How to see Venus shining with the moon tonight

Tonight (Feb. 27), as darkness is falling, be sure to look toward the west-southwest sky to spot another beautiful celestial tableau formed by a lovely crescent moon and the brilliant planet Venus.

Venus will appear to hover far to the right of the moon. The objects will be separated by about 6.5 degrees. The width of your clenched fist held at arm’s length measures roughly 10 degrees, so, Venus and the moon will appear a bit more than a half fist apart.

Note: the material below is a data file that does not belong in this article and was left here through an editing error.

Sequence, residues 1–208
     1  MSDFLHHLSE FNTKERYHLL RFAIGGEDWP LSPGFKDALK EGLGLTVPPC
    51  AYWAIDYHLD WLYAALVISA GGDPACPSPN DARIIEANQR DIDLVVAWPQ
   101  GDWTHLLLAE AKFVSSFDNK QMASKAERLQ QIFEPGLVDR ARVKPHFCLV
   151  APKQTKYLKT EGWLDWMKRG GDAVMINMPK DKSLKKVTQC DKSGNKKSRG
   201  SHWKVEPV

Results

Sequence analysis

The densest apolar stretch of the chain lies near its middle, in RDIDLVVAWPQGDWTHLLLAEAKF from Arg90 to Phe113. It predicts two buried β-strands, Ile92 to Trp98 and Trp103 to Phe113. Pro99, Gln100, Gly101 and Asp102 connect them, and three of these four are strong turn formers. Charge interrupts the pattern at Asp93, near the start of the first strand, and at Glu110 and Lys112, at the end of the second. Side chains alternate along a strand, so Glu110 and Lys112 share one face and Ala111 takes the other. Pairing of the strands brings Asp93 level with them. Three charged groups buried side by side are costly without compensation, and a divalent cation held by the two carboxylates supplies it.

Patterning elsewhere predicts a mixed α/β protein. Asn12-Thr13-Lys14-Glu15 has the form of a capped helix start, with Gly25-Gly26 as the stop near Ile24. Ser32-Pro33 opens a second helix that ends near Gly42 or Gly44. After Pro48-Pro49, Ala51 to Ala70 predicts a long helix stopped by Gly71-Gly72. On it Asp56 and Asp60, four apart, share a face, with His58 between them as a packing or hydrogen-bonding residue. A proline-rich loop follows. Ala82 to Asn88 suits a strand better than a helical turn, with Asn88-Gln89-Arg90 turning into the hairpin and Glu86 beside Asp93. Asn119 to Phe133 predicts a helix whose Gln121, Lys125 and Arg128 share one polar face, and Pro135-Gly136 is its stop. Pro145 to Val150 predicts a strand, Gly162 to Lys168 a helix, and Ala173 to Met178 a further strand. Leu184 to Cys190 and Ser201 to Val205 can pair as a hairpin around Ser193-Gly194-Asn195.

These Venus-moon rendezvous occur on roughly a monthly schedule. If Venus were stationary and did not appear to move against the star background, a Venus-moon encounter would occur every 27 days, 7 hours and 43 minutes.

This is called a “sidereal month,” which is the length of time it takes the moon to circle Earth once using the background stars as a reference point.

Because Venus and the moon were together on Jan. 28, we might have expected a return engagement this past Monday (Feb. 24) if we tried to apply the “sidereal month rule” to this schedule.

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